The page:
August 20, 2009

Santorini Cuisine-y: Local Specialties to Try

So before I share my eating and drinking guide for Santorini, I wanted to give you a quick lesson on the island's specialties. It's the teacher in me--what can I say?

Since Santorini (or Thira, as it's also known) is the remnant of a larger island that was the site of the Minoan volcanic eruption somewhere around 600 BC, its soil is extremely rich. Pair this rich soil with an arid climate, and you've got an abundance of viny crops.

Specifically, Santorini is famous for its tomatinis, which are fragrant and amazingly sweet cherry tomatoes. I became obsessed with these small wonders, and shouted "Tomatiniiiiiis!" every time we put-put-putted past them on Herbert, our ATV. You can imagine how pleased Tucker was. Below are two versions of Santorini's tomatinis--au naturel and stuffed. Yum.

By the way, the other genius use for the local tomatinis is tomatokeftedes, or tomato balls. These fritter-like treats aren't the most photogenic of dishes, so I didn't include a picture. But trust me, this mixture of fresh tomato, onion, and herbs is not to be missed.

Another famous Santorinian specialty is fava, which is a purée of Santorini's local golden fava lentil. Whereas the rest of Greece makes its fava with regular old lentils, Santorini's lentils are special...or so I'm told. Either way, this combination of lentil, caper, onion, olive oil, and lemon juice is a delight, and can be eaten on its own as a meal, or spread on bread as an appetizer.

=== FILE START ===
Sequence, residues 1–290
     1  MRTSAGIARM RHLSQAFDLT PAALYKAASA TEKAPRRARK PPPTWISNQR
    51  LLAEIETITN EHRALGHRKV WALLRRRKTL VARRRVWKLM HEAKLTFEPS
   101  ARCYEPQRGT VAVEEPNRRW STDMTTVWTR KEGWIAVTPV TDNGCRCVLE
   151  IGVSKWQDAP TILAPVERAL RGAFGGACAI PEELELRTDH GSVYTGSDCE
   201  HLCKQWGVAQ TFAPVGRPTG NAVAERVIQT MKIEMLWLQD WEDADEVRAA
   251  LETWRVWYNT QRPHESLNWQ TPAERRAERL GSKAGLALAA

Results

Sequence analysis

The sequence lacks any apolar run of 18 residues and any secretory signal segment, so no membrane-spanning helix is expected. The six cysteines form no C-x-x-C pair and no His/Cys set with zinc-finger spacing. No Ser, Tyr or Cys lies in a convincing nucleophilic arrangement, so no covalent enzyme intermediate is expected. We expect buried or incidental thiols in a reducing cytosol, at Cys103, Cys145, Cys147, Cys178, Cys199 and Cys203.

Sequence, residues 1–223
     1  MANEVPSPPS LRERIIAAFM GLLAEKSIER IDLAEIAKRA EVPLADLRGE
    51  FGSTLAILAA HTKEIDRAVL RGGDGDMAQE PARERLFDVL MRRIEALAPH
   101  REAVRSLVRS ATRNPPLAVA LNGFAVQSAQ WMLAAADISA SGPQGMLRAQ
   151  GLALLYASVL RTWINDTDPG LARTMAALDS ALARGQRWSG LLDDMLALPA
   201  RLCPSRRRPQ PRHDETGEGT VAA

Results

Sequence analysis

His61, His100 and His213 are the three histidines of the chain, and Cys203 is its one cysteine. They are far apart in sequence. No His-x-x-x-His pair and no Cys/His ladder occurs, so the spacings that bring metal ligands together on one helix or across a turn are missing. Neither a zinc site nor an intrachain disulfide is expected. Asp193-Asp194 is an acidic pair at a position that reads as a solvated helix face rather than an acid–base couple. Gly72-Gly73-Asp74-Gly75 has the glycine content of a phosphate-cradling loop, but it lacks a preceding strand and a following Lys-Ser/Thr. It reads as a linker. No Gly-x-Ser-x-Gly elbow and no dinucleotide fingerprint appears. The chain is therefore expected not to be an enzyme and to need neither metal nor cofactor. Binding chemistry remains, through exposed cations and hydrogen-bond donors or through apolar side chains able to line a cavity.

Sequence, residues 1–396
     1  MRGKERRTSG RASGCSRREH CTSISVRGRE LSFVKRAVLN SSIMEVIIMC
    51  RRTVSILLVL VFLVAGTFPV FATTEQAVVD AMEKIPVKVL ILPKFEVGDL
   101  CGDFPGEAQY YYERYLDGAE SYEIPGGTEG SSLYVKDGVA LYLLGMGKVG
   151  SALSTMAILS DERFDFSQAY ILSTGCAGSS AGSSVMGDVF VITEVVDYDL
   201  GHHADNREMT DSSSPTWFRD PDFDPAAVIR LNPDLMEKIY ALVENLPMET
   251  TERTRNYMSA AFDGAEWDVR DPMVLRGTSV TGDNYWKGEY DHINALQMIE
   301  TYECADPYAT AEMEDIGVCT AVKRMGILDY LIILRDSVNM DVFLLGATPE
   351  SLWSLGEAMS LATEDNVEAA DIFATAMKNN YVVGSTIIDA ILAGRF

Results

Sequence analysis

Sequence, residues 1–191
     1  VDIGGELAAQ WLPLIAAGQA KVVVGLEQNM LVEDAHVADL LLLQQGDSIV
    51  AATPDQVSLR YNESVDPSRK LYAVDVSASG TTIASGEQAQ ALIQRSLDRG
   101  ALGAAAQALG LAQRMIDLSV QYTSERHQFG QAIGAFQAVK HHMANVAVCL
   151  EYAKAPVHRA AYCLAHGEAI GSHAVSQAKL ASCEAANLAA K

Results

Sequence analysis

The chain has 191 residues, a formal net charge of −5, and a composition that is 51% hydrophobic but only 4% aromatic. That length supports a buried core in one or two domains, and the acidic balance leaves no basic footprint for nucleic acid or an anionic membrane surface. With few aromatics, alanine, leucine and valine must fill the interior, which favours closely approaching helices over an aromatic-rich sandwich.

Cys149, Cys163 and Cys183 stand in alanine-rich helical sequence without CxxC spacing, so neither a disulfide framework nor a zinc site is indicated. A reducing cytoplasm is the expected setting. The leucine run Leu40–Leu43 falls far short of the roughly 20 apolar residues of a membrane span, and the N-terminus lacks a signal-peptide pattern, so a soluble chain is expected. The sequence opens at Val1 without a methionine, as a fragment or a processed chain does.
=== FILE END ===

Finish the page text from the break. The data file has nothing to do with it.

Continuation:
More local treats include: sweet small white eggplants, zucchini, and watermelon. The most fun part of each ATV ride we took was to try to determine which type of vine we were passing in any given field. I discovered that I was perhaps not the first to exhibit curiosity about the local produce--most fields were surrounded by intimidating wire fences that kept me from doing what I really wanted to do: sneak a tomatini or two from the vines.

All this talk of vines brings me to my last point: Greek table wine is delicious, especially in Santorini. Fields of grapevines cover the island, and there are many Santorinian wineries available for touring if the mood takes you.

That's all for now--if I write any more about Santorini, I won't be able to reconcile myself to the upcoming school year of cafeteria food.

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